EGU22-3707, updated on 23 Apr 2023
EGU General Assembly 2022
© Author(s) 2023. This work is distributed under
the Creative Commons Attribution 4.0 License.

What does the future hold? Using Standardised Precipitation and Evapotranspiration Index (SPEI) to project drought in Scotland. 

Sayali Pawar1, Sarah Halliday1, Miriam Glendell2, and Paola Ovando Pol3
Sayali Pawar et al.
  • 1University of Dundee, School of Social Sciences, Geography and Environmental Science , United Kingdom of Great Britain – England, Scotland, Wales (
  • 2James Hutton Institute, Aberdeen, UK
  • 3Spanish Council for Scientific Research, Madrid, Spain

UN Sustainable Development Goal (SDG) 6.1 aims to achieve universal and equitable access to safe and affordable drinking water for all by 2030. However, even in a developed nation such as Scotland, climate change, and the water systems resilience to it, is putting achieving this goal at risk. Despite being abundantly blessed in terms of water resources, Scotland is facing an accelerated increase in the frequency of extreme weather events. The UK Climate Projections 2018 indicate that Scotland’s climate will become warmer, with drier summers, and increased occurrence of drought events. Recent water scarcity events prove the surge and are evidence for the projected weather patterns. Unlike drought indicators which are parameters describing meteorological, hydrological or agricultural drought conditions, like precipitation amounts, streamflow levels, soil moisture information, drought indices derive value based on statistical calculations. Once such meteorological drought index is the Standardised Precipitation and Evapotranspiration Index (SPEI) which is similar to the Standardised Precipitation Index (SPI). Unlike SPI, SPEI incorporates changes in evapotranspiration as it includes both precipitation and temperature as input data for calculation. Hence, SPEI makes a good choice for projecting future changes in a warming world and allows us to see the impact of climate change in inducing drought. Regional-scale analysis of SPEI across 36 sites using a 50 km grid generated drought scenarios for the longer term 2041-2080 using all 12 model members the UKCP18 dataset using 1981-2020 as the baseline period. These UKCP 18 projections were bias-corrected and downscaled to a 1km grid across Scotland before we acquired the data for analysis, thus enabling the calculation of SPEI at a finer scale. SPEI was then calculated at a 6-month timestep across the 36 sites in Scotland. The number of extreme drought months was computed for the baseline and the future periods. The drought month was defined as any month which has SPEI ≤ -2.  After calculating the extreme drought months for baseline and future periods, the metrics from 1981-2020 were subtracted from the future period for each model member to demonstrate the amount of change in the number of drought months from the baseline period. Results were calculated separately for the individual member and not averaged to avoid incorporating uncertainty associated with projections. The majority of the sites across the spatial extent showed projected increases in the number of drought months for the future period for each of the model members. Sites in the southwest and western Scottish islands showed a greater increase compared to other sites where extreme drought months were observed with little or no change. Results highlighted the need for better preparedness for water scarcity situations which are going to be exacerbated by climate change.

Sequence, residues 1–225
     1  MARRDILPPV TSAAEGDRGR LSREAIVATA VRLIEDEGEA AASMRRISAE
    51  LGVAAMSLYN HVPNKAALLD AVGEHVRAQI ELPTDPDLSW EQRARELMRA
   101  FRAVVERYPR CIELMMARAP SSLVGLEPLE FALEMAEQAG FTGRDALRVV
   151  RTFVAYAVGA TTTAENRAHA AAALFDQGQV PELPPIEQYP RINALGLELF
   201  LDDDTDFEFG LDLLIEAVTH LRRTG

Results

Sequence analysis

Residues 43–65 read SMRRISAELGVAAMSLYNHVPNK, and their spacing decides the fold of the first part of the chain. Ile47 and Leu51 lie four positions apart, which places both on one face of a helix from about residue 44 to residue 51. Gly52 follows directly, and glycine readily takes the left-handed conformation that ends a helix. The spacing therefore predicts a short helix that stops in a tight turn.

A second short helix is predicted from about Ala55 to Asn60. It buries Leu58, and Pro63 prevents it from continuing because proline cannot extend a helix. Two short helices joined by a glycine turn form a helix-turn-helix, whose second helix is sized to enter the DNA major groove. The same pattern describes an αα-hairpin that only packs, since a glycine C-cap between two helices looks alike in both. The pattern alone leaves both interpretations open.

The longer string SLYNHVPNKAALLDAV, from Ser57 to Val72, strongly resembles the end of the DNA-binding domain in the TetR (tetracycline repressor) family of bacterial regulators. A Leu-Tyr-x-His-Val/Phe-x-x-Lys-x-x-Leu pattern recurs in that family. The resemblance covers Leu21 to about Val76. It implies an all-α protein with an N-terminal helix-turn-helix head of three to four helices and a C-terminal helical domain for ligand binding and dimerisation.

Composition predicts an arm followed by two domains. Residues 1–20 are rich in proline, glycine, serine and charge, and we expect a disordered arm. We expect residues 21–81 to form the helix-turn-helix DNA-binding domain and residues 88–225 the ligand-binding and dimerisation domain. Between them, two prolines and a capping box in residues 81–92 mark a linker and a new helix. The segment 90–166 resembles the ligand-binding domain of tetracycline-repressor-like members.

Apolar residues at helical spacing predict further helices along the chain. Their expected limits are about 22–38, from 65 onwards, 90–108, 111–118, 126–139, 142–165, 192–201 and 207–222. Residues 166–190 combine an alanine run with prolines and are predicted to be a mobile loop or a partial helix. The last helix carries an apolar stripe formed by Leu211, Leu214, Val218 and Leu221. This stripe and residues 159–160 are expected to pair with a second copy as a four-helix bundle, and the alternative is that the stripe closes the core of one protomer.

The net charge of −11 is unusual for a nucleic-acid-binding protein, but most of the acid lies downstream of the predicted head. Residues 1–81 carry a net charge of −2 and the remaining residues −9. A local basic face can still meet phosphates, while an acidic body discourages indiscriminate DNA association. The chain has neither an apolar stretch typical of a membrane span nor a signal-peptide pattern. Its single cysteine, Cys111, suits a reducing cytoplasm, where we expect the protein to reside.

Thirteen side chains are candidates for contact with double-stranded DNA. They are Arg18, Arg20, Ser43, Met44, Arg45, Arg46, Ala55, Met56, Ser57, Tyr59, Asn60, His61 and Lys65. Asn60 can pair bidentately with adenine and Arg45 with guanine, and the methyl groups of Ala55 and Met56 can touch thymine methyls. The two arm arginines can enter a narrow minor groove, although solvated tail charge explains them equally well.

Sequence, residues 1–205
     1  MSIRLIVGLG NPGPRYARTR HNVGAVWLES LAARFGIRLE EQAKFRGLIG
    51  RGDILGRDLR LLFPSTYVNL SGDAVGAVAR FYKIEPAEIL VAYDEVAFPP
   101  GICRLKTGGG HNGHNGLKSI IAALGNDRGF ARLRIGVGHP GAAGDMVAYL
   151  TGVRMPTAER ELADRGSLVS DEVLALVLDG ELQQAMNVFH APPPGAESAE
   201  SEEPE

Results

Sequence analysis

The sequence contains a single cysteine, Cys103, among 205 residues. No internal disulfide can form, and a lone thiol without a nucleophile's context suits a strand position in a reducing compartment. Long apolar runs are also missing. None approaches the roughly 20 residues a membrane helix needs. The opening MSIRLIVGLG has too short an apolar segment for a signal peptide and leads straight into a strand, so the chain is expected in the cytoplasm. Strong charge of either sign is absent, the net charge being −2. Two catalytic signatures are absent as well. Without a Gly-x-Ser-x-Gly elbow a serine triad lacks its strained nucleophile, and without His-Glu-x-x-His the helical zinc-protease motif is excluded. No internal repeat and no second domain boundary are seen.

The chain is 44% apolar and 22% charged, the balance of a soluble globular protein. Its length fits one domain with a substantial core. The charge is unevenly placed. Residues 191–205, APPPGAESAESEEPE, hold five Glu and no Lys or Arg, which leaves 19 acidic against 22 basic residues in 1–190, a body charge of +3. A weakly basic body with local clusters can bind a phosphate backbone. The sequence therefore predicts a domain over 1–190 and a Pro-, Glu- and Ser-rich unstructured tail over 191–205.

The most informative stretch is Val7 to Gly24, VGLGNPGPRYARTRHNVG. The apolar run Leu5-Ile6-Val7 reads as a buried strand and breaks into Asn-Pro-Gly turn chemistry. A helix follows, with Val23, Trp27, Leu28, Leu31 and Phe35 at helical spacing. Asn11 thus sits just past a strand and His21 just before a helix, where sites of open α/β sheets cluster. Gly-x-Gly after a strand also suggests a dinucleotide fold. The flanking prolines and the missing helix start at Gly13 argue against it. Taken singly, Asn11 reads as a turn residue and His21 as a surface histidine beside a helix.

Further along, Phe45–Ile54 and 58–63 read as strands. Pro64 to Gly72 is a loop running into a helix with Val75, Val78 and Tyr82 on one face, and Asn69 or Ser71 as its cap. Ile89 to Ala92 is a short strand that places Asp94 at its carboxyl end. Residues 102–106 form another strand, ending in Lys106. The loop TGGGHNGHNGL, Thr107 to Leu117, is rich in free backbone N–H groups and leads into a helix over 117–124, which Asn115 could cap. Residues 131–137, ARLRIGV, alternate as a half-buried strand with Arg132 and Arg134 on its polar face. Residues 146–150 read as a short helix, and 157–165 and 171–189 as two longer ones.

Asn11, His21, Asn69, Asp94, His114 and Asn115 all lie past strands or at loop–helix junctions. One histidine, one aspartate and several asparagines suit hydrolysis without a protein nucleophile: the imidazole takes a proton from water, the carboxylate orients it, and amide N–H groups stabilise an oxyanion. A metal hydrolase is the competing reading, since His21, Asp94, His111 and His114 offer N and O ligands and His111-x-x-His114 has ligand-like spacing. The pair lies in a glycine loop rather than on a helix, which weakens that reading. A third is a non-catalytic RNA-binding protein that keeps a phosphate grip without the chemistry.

How to cite: Pawar, S., Halliday, S., Glendell, M., and Ovando Pol, P.: What does the future hold? Using Standardised Precipitation and Evapotranspiration Index (SPEI) to project drought in Scotland. , EGU General Assembly 2022, Vienna, Austria, 23–27 May 2022, EGU22-3707,, 2022.


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